Our fall pledge drive ends on Friday, and we're still $5,000 short of our goal.
Help make in-depth reporting sustainable with your tax-deductible donation today.
A quick look at the week that was in the world of political dark money...
"The irony is that the more explicitly the ad pushes one particular candidate, the less disclosure is required."
—Paul Ryan (no relation to the congressman) of the Campaign Legal Center, which helped successfully argue Van Hollen v. FEC. The ruling requires 501(c)(4) groups operating as "social welfare" organizations to disclose the names of donors who contribute money for so-called issue ads. Those ads air within 60 days of a general election and mention candidates without explicitly telling viewers how they should vote. In response, some dark-money groups plan to push the limits of their tax-exempt status even further and dodge Van Hollen with ads urging viewers to vote for or against candidates.
The dark-money group Secure America Now has released an ad that hammers President Obama's foreign policy, juxtaposing footage of 9/11 and other terrorist attacks with a woman firing off a litany of claims, which the Center for Public Integrity fact-checked. Among other things, she says Obama has "all but abandoned Israel," implies that Iran has a nuclear weapon, and suggests that torture led to the discovery of Osama bin Laden. Watch:
$5.8 billion: The Center for Responsive Politics' estimate of how much the 2012 elections will cost, a 7 percent jump from 2008. For perspective, that's how much JP Morgan has said it lost in its much-publicized deal gone bad, and it's also more than double the entire budget for the National Park Service. The Center estimates that the presidential race alone will cost $2.5 billion, including "wild card" outside spending groups. (The Obama campaign's fundraising is just shy of the record pace he set in 2008.) In addition to the ramped-up spending by outside groups, congressional candidates and political parties are both expected to outdo their 2008 spending.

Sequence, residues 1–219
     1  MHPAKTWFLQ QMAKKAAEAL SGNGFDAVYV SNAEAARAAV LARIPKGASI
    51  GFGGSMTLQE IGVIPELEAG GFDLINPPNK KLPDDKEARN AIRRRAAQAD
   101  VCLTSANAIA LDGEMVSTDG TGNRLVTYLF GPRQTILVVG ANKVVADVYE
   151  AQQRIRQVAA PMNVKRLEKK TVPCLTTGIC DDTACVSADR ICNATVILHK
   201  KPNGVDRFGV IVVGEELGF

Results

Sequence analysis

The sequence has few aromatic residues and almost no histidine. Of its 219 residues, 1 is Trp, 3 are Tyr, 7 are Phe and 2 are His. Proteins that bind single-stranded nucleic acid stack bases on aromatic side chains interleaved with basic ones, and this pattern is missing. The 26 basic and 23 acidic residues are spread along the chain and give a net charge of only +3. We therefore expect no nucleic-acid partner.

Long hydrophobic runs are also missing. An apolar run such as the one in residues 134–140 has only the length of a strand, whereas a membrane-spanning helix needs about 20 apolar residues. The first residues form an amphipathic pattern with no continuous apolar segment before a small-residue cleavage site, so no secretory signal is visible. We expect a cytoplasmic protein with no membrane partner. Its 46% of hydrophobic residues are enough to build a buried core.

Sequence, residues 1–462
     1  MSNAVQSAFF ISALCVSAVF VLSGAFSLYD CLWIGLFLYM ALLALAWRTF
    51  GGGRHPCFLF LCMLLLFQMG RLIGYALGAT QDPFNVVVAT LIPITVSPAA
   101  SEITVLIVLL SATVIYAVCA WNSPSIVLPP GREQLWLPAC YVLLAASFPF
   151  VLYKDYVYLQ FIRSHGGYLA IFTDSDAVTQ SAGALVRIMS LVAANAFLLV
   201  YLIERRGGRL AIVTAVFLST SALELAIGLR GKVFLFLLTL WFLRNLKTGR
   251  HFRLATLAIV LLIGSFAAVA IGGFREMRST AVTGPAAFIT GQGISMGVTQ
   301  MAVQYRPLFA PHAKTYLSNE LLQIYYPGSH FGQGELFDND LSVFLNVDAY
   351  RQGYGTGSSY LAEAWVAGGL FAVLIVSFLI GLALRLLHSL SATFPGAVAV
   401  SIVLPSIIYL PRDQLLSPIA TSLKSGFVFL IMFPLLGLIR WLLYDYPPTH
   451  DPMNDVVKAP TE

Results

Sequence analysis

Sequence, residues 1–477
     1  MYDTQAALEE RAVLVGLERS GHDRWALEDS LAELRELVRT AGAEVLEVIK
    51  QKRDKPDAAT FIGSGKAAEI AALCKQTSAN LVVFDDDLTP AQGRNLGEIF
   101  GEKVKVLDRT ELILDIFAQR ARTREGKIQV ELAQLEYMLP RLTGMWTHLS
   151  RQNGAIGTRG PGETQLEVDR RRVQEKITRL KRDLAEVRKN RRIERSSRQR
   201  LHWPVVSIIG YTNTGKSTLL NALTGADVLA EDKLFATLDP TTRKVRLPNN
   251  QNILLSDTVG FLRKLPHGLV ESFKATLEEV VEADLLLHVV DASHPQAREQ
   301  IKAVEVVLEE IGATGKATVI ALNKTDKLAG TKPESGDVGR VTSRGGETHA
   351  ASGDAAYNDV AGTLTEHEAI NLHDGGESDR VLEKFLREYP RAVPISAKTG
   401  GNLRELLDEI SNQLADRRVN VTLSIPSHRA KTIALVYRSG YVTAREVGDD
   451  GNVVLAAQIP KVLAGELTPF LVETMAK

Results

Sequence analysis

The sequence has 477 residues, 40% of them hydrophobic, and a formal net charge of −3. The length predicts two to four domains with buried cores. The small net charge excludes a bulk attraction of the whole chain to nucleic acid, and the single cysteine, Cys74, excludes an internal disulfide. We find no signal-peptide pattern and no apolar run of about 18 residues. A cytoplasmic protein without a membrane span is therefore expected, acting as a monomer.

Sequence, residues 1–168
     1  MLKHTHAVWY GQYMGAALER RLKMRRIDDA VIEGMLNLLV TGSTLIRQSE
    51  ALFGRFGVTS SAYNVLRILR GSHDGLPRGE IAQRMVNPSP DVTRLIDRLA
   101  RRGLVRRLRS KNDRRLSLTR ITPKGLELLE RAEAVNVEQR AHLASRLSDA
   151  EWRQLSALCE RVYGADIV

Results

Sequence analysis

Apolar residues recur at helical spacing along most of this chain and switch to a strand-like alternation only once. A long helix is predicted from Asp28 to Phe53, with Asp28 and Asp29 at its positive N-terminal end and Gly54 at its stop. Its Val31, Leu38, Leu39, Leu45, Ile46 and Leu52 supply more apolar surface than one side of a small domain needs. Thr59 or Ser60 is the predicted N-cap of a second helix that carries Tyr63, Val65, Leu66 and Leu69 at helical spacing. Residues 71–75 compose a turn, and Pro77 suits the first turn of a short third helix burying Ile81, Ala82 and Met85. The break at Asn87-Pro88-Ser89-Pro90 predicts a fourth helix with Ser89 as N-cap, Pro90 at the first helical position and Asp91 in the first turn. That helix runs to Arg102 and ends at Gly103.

With the help of super-PACs and dark-money groups, tea party favorite—and conspiracy theorist—Ted Cruz narrowed a 3-to-1 fundraising deficit and defeated Texas Lt. Gov. David Dewhurst in a Senate primary runoff election Tuesday in Texas. Dewhurst's campaign raised $33 million ($25 million of which came from the candidate, a wealthy energy investor) to Cruz's $10.2 million. But outside groups supporting Cruz outspent those backing Dewhurst by $8 million to $6.5 million. The anti-tax super-PAC Club for Growth Action spent $5.5 million helping Cruz, the most it's invested in any race so far this year. Here's one of the group's spots:
• IRS: Toothless. FEC: "Thoroughly Broken": What little campaign money regulation remains isn't enforced any more.
• Karl Rove's Catch-22: Crossroads GPS and other nonprofits face new pressure to reveal who bankrolls their ads.
• Political Ad Data Comes Online—But It's Not Searchable.
• Americans for Prosperity, a dark-money group backed by the Koch brothers, says it's modeling its voter-turnout drive after George Soros'. Bloomberg
• Outside groups are prohibited from coordinating with campaigns, but that didn't stop Karl Rove from holding an off-the-record fundraising session with a top Romney strategist. CNN
• How many Americans think a super-PAC is a "popular video game for smartphones"? Washington Post